Skeletal muscle aging in F344BN F1-hybrid rats: I. Mitochondrial dysfunction contributes to the age-associated reduction in VO2max.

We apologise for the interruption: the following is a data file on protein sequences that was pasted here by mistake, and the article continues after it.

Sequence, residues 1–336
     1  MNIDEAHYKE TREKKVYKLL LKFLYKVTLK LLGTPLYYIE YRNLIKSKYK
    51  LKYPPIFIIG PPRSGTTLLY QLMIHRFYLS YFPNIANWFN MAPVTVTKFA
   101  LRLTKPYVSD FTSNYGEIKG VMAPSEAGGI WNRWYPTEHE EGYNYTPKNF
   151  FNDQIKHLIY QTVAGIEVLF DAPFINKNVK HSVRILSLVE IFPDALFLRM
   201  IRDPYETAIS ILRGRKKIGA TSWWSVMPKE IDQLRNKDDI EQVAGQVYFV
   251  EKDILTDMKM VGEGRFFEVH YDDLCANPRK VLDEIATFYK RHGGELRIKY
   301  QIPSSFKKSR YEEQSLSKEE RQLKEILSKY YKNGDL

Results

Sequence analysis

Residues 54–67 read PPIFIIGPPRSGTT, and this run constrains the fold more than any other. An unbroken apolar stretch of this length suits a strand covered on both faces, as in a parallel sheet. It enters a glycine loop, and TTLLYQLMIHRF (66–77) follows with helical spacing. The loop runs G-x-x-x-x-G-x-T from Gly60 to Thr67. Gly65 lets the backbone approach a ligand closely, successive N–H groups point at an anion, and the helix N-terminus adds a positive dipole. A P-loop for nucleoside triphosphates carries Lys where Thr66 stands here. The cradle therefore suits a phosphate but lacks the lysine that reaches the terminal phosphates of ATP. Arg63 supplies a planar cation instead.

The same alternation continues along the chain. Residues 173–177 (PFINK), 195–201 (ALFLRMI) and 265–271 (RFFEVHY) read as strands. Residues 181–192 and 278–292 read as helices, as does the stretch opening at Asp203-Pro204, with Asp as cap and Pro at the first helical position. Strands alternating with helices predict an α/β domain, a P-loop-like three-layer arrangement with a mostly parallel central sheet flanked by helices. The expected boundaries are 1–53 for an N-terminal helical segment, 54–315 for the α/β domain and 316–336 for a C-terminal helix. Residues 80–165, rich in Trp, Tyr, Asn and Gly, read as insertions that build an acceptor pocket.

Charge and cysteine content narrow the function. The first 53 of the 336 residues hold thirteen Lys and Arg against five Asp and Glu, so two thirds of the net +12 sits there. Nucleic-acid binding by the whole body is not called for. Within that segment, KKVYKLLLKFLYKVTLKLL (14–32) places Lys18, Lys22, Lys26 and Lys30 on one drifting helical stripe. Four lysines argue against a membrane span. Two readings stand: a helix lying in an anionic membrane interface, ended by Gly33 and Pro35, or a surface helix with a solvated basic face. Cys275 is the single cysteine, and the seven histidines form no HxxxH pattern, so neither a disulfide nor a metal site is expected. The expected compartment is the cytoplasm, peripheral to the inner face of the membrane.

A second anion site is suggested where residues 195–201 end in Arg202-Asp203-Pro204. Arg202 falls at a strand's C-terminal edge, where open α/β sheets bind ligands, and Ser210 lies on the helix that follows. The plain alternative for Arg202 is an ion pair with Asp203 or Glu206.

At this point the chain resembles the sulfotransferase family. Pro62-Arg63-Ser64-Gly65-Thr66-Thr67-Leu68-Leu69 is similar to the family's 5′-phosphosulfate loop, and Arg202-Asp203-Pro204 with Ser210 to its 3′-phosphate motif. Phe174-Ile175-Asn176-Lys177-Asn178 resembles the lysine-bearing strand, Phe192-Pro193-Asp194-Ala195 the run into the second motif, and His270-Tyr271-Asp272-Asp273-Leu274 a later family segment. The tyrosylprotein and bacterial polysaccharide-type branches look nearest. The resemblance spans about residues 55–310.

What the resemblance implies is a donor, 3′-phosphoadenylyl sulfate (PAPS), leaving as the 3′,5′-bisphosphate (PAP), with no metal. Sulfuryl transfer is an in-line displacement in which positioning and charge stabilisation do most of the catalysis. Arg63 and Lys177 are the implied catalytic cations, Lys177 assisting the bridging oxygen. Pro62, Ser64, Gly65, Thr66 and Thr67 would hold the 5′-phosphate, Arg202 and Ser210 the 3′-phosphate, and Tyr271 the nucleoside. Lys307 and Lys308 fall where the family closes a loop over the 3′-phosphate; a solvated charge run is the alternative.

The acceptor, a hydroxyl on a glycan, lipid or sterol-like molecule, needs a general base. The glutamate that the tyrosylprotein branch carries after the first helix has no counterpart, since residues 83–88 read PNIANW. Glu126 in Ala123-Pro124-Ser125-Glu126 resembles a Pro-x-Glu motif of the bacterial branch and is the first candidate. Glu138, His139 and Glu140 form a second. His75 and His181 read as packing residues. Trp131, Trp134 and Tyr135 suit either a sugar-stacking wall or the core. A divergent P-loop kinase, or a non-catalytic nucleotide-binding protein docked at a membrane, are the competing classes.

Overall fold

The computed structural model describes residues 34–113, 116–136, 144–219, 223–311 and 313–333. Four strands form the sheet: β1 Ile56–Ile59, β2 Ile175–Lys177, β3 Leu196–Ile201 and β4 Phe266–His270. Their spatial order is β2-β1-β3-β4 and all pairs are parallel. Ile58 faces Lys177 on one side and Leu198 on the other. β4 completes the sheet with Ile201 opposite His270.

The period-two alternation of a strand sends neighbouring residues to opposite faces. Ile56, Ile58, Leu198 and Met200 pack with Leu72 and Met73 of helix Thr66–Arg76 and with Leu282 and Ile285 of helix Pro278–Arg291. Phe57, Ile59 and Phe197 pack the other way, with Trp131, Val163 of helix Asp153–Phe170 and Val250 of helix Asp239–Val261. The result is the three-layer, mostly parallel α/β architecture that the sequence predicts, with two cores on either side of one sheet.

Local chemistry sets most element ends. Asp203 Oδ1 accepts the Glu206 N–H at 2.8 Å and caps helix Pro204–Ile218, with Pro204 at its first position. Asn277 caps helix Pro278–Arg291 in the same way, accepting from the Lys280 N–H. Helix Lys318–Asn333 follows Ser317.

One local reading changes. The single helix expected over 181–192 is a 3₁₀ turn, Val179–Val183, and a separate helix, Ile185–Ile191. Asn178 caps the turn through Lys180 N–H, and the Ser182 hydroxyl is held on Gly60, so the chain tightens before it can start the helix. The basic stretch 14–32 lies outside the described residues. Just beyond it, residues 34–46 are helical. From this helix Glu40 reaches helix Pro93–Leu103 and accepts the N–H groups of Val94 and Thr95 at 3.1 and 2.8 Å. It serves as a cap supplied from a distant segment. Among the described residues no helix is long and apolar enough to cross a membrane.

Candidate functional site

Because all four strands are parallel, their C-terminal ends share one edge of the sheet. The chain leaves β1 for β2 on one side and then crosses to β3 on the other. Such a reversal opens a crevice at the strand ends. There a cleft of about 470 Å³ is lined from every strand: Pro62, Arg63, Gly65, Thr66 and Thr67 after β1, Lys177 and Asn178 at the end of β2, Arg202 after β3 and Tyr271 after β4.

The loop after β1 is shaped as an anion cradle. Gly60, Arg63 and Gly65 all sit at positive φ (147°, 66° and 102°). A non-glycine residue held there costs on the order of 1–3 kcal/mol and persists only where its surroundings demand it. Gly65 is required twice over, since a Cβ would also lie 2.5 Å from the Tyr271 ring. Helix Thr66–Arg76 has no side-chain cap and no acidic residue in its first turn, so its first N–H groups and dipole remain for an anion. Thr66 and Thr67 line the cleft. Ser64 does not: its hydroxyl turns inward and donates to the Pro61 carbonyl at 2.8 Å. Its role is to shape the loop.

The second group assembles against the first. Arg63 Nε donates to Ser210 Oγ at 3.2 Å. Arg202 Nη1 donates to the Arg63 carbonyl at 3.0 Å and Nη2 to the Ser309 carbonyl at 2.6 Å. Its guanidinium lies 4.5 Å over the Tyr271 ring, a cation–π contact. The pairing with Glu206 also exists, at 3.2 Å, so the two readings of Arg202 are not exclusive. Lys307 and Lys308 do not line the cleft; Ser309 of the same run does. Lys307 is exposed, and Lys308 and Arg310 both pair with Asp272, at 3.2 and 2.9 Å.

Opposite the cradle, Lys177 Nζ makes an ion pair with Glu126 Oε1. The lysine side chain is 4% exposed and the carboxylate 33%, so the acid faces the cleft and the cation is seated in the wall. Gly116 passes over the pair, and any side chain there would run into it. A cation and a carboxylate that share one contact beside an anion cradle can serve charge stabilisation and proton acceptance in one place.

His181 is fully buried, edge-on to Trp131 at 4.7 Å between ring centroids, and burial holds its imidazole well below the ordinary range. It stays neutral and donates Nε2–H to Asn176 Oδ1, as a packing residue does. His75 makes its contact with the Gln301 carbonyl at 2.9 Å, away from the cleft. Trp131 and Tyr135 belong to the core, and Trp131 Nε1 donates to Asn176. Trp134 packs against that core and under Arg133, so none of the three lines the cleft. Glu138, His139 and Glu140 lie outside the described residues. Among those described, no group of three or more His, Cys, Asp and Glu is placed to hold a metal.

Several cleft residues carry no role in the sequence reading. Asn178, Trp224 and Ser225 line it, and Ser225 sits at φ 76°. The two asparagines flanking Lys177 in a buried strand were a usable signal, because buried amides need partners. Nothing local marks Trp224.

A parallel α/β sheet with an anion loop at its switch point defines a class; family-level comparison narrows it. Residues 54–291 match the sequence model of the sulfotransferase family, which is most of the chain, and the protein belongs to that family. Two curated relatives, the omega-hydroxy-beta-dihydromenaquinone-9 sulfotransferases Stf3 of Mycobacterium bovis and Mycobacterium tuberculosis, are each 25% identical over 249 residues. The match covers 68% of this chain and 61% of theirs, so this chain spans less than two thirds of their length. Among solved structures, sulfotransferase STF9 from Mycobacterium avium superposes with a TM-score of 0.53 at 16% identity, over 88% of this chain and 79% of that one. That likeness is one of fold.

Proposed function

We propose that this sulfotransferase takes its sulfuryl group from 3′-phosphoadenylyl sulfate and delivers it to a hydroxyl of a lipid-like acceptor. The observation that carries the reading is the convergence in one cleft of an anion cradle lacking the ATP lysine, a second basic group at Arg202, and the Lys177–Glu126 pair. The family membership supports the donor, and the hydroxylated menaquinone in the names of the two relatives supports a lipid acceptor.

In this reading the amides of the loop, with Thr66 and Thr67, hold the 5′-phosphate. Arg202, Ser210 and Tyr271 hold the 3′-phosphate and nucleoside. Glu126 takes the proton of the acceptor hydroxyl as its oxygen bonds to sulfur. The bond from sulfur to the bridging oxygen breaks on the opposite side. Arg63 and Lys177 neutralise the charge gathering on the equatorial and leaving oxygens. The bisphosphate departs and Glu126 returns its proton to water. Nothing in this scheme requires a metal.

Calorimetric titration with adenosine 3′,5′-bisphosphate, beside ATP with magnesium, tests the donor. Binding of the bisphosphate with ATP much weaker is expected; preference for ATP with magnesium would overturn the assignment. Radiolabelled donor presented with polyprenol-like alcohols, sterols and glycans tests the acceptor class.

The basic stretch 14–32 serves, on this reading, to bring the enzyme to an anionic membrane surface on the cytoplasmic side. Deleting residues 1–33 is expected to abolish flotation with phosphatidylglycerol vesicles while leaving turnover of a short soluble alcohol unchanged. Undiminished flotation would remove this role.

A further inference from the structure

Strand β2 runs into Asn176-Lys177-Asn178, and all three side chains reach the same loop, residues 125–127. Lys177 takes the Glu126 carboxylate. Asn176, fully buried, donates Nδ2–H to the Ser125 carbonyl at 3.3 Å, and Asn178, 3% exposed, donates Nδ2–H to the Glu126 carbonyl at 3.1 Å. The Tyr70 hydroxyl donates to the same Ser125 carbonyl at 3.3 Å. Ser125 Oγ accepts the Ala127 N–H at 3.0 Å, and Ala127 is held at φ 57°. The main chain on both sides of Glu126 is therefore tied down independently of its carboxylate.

ABSTRACT Although mitochondrial DNA damage accumulates in aging skeletal muscles, how this relates to the decline in muscle mass-specific skeletal muscle aerobic function is unknown. We used a pump-perfused rat hind-limb model to examine maximal aerobic performance (VO(2max)) in young adult (YA; 8-9-month-old), late middle aged (LMA; 28-30-month-old) and senescent (SEN; 36-month-old) Fischer 344 x Brown Norway F1-hybrid rats at matched rates of convective O(2) delivery (QO(2)). Despite similar muscle QO(2) during a 4-minute contraction bout, muscle mass-specific VO(2max) was reduced in LMA (15%) and SEN (52%) versus YA. In plantaris muscle homogenates, nested polymerase chain reaction revealed an increased frequency of mitochondrial DNA deletions in the older animals. A greater reduction in the flux through electron transport chain complexes I-III than citrate synthase activity in the older animals suggests mitochondrial dysfunction consequent to mitochondrial DNA damage with aging. These results support the hypothesis that a reduced oxidative capacity, due in part to age-related mitochondrial dysfunction, contributes to the decline in aerobic performance in aging skeletal muscles.